The Statue Garden

Historically, perennial borders where large, wide and deep and, as a result, they where spectacular. They still can be, if maintained, but most of these beds are tricky to tend and with each passing season become more and more unruly, unless you wade bodily into theses borders, forgetting first the twine then the trowel, playing hopscotch over this treasure, only to step on another, and then to discover what you really need is a garden stake.

“I’d had enough of that garden” said Katrina. “The garden was good when somebody could attend to it all the time but this place is too busy and over time the garden was lost from thought.” A good friend looked at it and said” Katrina it has the bones”. And so I looked at it with clearer eyes and said, “ It all has to go!” Blessed with a warm long fall in 2008 the project began. “I just drove the bobcat in, ignored staff’s pleads to save things, and started digging.”

Once all the plants, shrubs and weeds where tossed out the real work began. Paths and beds where drawn out on the ground using spray paint, string and stones. Slowly the new garden took shape. Visions of what had been there spurred Katrina on in the blind faith that it could only be better.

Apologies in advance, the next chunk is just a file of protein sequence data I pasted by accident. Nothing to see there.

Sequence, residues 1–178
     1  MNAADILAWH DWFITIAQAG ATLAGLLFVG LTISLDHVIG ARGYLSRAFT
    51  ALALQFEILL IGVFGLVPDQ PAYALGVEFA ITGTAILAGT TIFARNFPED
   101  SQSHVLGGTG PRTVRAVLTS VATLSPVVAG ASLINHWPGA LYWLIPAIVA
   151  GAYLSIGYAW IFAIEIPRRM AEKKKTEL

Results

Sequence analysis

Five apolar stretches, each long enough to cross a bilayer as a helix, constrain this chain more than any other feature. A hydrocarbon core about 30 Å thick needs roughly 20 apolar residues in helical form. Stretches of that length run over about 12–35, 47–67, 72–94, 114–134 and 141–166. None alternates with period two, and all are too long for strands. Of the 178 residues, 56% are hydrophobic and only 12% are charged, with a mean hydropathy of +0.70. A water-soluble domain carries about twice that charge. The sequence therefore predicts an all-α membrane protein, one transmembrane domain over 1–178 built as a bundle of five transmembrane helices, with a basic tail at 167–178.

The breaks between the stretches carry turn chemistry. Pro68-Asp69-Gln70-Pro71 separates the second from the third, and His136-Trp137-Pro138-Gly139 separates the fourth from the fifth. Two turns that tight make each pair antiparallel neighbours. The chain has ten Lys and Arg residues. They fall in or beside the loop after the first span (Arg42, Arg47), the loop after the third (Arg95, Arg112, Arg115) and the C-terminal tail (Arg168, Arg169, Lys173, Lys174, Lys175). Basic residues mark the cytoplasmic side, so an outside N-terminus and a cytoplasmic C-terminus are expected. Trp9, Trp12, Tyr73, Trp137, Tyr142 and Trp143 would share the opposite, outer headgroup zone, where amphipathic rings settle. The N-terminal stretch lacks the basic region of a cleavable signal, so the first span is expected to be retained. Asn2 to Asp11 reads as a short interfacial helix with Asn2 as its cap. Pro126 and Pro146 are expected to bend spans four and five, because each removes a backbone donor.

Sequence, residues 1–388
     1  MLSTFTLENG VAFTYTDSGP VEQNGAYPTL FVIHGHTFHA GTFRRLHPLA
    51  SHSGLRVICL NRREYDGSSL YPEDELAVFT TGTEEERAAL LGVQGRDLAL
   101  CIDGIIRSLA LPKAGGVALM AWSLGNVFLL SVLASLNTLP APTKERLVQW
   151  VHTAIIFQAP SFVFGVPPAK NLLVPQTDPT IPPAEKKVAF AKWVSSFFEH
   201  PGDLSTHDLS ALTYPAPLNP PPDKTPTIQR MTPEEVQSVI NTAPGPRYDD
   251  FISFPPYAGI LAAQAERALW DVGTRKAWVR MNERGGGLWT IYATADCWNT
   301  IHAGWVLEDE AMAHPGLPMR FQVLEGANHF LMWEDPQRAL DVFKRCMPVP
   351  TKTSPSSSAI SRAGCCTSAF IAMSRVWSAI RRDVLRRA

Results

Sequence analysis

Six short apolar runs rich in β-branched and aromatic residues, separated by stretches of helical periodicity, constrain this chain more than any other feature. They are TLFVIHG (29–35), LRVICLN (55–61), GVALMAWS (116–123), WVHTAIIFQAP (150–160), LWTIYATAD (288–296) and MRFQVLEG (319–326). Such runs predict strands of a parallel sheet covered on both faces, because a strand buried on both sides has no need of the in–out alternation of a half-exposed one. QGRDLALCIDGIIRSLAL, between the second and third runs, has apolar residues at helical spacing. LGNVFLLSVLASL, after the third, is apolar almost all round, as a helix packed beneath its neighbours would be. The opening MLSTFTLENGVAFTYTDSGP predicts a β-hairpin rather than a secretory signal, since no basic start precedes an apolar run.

By contrast this garden is much more manageable. Smaller gardens can be tended from the path, or a step or two into the bed. Great thought was put into the colour scheme for each of the smaller gardens creating the same impact as big borders but without the strain.

The three statues are David the Hunter, Diana the Huntress and Aurora, who stands in the centre of the garden surrounded by perennial favourites, Nepeta and Pulmonaria. The statues make the garden just a little different from any of the other garden spaces. Through the use of repeating plants all the flowerbeds in the garden are tied together beautifully. The unified effect is pleasing and restful, and is best viewed in the months of June and July.

Few gardeners start out the day with the thought of “I am going to uproot and rearrange this whole garden today.” Spur of the moment decisions do not come out of the blue. They come from experiments and observation, and by that compelling longing that seems to drive all gardeners. This garden turned out just right.